The Wiconi Un Tipi Camp is located on the Lower Brule Sioux Reservation in South Dakota. Photo: Wiconi Un Tipi Camp
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Native Sun News Today: Tribal activists renew fight against Keystone XL Pipeline





Blocking the pipeline on Lower Brule

By Talli Nauman
Native Sun News Today
Health & Environment Editor
nativesunnews.today

LOWER BRULE – Launching a $30,000 fundraising drive for a kitchen at Wiconi Un Tipi Camp, the No KXL Dakota Alliance announced a November 21 signing ceremony for the International Treaty to Protect the Sacred Against Tar Sands and the KXL Pipeline.

The camp in Lower Brule is strategically located to block the path of a proposed power line that TransCanada Corp. has slated to carry electricity to a pumping station on the Keystone XL tar-sands crude pipeline route through unceded 1868 Ft. Laramie Treaty territory.

Pipeline opponents set up the camp after taking part in similar ones near Ft. Yates, North Dakota on the Standing Rock Sioux Indian Reservation, which were erected in 2016 to oppose Energy Transfer Partners’ Dakota Access Pipeline across the territory.

“We need a new structure; there’s all sorts of holes in the walls,” said Wiconi Un Tipi Head Cook Maria Birch, who also cooked for the Kul Wicasa Camp within the Oceti Sakowin Camp at Standing Rock. She wears 42 pounds of clothes to keep warm while cooking in the tent now in use, she told the Native Sun News Today.

Eggs and canned goods freeze on the shelves; wind blows dirt onto the cooking utensils and puts out the gas stove flame, she said.

No KXL Dakota is trying to raise $30,000 to install a sturdy kitchen and dining area by the end of November. The cook tent “is in dire need of replacement, having seen heavy service at the camps near Cannonball, North Dakota,” alliance member organization Dakota Rural Action noted in a written release.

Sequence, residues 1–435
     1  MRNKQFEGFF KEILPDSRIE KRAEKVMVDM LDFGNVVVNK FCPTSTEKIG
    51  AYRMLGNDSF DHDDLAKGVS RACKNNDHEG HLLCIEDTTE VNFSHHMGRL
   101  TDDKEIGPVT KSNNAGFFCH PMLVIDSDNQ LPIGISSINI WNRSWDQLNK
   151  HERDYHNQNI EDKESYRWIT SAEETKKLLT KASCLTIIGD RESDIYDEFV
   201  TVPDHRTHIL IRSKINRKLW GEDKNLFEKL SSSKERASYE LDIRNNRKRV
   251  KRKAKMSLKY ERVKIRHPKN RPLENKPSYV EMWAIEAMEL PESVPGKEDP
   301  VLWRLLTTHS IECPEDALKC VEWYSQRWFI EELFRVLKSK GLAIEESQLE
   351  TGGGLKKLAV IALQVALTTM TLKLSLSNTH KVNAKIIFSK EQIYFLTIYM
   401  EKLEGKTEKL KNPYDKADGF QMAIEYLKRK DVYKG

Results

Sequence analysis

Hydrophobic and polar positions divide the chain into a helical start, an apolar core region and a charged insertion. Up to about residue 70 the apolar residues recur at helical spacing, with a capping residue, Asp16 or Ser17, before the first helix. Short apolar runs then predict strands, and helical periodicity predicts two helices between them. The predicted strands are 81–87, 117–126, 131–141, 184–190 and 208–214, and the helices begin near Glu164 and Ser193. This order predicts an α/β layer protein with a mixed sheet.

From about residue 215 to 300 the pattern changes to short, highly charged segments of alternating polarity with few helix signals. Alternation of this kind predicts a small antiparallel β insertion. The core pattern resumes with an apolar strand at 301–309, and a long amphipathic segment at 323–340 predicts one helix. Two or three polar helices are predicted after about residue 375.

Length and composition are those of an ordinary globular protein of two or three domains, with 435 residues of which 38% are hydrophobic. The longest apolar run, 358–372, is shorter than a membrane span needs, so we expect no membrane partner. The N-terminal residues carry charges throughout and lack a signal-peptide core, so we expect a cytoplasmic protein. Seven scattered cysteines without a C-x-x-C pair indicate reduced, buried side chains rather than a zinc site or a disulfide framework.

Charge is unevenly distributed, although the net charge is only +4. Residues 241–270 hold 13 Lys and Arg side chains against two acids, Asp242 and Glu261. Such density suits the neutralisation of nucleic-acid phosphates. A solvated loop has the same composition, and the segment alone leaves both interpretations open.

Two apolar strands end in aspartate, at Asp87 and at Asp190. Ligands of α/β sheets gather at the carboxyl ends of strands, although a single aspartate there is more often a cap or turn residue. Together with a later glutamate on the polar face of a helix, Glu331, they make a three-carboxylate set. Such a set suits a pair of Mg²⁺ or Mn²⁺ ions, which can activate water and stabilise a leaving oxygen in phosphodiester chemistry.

Dakota Rural Action on YouTube: Wiconi Un Tipi Camp Kitchen Winterization Project

“Many holes dot the ceiling, and there is no insulation or adequate protection from the elements for the cooks or for those seeking a hot meal and respite from the wind and cold.” The South Dakota statewide non-profit organization is the fiscal receiver for donations to the camp.

“We have until the end of November to raise $30K for an engineered, insulated cooking and dining facility that can withstand central South Dakota's heavy wind and snow loads and double as a winter sleeping quarters for camp when temperatures really drop,” it said.

Wiconi Un Tipi Camp plans to host a prayer ceremony at 4 p.m. on November 19 to kick off a gathering culminating with the November 21 signing of the International Treaty to Protect the Sacred against KXL and Tar Sands, according to Protect the Sacred representative and Ihanktonwan Treaty Committee leader Faith Spotted Eagle.

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Blocking the pipeline on Lower Brule
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